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Where it Started: East Coweta Football at McKnight Field


  • By Clay Neely
  • |
  • May. 11, 2020 - 8:43 AM

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Where it Started: East Coweta Football at McKnight Field

Rob Grubbs

The East Coweta Middle School continues to terrorize their opponents there and battle on the same grass where the first East Coweta Indians fought.


By Rob Grubbs - Special to The Newnan Times-Herald

(Senoia, Ga.) – Ever since the current East Coweta High School opened in 1988, Garland Shoemake Memorial Stadium has been the centerpiece of incredible high school football action.

Over the last 32 years, the stadium has been the home of five future NFL players and 27 playoff teams. There have been some unforgettable moments as well; the 2001 team went undefeated and beat Wayne County in a home playoff game, and in 1992, they beat the Newnan Cougars for the first time.

However, for the first 21 years of varsity football, East Coweta played a few miles away at McKnight Field. Behind what is now East Coweta Middle School on Georgia Highway 16, the stadium is pristine as in the beginning. And even though the field may not boast some of the accolades that Garland Shoemake earned, the memories are just as important as well.

One of the Indians’ first-ever varsity wins at home was in October of 1968 when they defeated Harris County 13-6. In 1969, they won their homecoming game against Mt. Zion. The 1969 team also featured the exploits of Clyde Fowler, who was the first black athlete at East Coweta.

Fowler excelled at football, basketball and track while he paved the way for the athletes to come later. The speedy Fowler scored on a 90-yard touchdown run against Henry County and an 89-yard kickoff return against Tuskegee, Alabama.

The 1973 team gave the faithful their first taste of success. They opened the season on the road at East Fanin and running back Leroy Stargell put on a display. He rushed for 276 yards on 16 carries and had a pick-six to lead the Indians to a 44-6 victory.

For his efforts, Stargell was named AJC ‘Back of the Week, and East Coweta was state ranked for the first time. The Indians played in Region 5-B that year, which was the toughest in the state; at one time they and Bremen, West Point and Mt. Zion were all in the top 10 at the same time. Under Head Coach Glen Cato and led by linebacker Jim Adamson, the Indians finished above .500 for the first time at 6-4.

The biggest game ever at McKnight Field was on October 3, 1980, when the Indians welcomed the top ranked Hogansville Green Wave. The Indians had never defeated Hogansville in eight tries — the best they had done was a 32-21 loss in 1977.

But on this night, they let loose 6-foot-6 defensive lineman, Barry Ragsdale, who dominated the Green Wave offense. He recovered two fumbles, one for a touchdown, and had a key sack late that sealed the victory.

“We’ve been waiting for this a long time — the coaches, the fans, the players, everybody. It was a long time coming,” Ragsdale said afterward.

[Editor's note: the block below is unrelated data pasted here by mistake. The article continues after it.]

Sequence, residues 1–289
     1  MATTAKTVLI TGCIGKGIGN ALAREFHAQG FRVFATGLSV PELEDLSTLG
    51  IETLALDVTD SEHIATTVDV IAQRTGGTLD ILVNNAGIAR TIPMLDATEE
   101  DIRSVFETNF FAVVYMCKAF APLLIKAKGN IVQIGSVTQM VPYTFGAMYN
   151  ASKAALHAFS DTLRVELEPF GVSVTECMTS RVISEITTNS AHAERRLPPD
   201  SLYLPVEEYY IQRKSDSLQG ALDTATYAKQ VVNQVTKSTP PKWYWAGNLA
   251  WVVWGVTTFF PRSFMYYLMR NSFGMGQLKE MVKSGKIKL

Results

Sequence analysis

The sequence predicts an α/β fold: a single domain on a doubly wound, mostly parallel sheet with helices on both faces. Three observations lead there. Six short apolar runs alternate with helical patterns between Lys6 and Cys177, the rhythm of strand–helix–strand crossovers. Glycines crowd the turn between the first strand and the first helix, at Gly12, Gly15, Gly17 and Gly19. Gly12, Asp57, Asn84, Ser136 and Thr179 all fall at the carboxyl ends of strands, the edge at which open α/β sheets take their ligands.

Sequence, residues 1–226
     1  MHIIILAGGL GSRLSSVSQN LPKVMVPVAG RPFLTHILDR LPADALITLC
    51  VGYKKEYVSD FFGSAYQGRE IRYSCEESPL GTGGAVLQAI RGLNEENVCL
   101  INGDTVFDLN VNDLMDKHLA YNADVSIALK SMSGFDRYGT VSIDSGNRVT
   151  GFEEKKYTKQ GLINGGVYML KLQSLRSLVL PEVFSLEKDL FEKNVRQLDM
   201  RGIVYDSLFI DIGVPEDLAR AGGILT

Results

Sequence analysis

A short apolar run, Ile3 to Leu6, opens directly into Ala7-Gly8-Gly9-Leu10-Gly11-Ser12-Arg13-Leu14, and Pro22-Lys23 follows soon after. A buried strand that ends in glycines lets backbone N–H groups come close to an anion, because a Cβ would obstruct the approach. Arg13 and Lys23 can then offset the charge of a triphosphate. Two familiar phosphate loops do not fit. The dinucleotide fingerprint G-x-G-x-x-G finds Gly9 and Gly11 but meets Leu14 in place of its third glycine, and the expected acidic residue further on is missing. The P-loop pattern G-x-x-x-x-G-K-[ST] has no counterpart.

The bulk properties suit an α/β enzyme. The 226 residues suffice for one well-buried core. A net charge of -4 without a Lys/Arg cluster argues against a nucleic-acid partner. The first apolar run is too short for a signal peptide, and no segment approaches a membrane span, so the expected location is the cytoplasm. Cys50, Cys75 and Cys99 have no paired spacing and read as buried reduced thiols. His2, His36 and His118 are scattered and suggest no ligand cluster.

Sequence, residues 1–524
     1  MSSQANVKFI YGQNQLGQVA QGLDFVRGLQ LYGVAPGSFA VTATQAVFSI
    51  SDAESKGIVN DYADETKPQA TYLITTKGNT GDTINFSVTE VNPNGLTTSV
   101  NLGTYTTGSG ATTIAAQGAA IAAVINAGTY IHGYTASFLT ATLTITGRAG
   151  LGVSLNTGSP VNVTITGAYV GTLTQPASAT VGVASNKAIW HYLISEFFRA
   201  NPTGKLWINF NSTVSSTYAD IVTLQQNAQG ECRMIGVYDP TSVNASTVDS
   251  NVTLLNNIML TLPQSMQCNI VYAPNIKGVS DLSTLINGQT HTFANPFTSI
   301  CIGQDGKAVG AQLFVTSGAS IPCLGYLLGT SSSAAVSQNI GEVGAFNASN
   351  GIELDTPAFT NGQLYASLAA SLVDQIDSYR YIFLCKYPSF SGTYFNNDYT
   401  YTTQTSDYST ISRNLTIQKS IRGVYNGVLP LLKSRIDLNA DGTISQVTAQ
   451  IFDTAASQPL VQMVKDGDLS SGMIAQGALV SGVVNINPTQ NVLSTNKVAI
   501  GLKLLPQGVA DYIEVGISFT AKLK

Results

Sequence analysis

The Indians faced Woodbury in the last game of the 1980 season at home and won handily with two touchdowns from Wayne Simmons and a 93-yard kickoff return from Jeff Stargell. They finished tied for first in the region and qualified for their first ever state playoff game.

Unfortunately, they had to face the eventual Class A State Champion Greenville Patriots. Quarterback Jeff Stargell ran for a touchdown and found James Gates for another, but the Patriots overwhelmed the Indians on the way to a 32-14 victory.

East Coweta would qualify for the state playoffs again in 1983 under Head Coach Vernon Kidd. The Indians were led by Sam Penson, Chris Ferrell, Kenny Boze and Jerry Rush that season. They were rewarded with a first-round playoff game against West Point, who had already beaten them 26-0 earlier in the year.

This one went the same as the Indians fell 39-0. They would not make the playoffs again until the 1990 season under first-year Head Coach Danny Cronic.

McKnight Field showcased one of the best running backs in East Coweta history from 1982 to 1985, when Jerry Rush terrorized opponents’ defenses. McKnight Field saw one of the most electric performances in 1985 against Brookstone when Rush finished with 357 yards, rushing on 34 carries and four touchdowns. Rushed was named to the All-State team his senior year.

After the Indians left the friendly confines of McKnight Field for bigger things at Garland Shoemake Memorial Stadium, other teams made a home.

The East Coweta Middle School continues to terrorize their opponents there and battle on the same grass where the first East Coweta Indians fought. One of the best things about athletics are the memories they leave behind. McKnight Field reminds us those memories are always close by.

20200502-1976-East-Coweta-Indians.jpg?mtime=20200501153259#asset:48303The 1976 East Coweta Indians team20200502-East-Coweta-Ralph-Sanders.jpg?mtime=20200501153259#asset:48302Ralph Sanders runs behind the block of Carl McKnight against Mt Zion in October 1969.20200502-Jerry-Sherman-and-Coach-Dan-Prichett.jpg?mtime=20200501153300#asset:48306Quarterback Jerry Sherman gets instructions from Coach Dan Prichett during EC’s matchup against Mt. Zion in October 1969.20200502-ECHS-82.jpg?mtime=20200501153300#asset:48305The 1982 East Coweta Indians team coached by Vernon Kidd.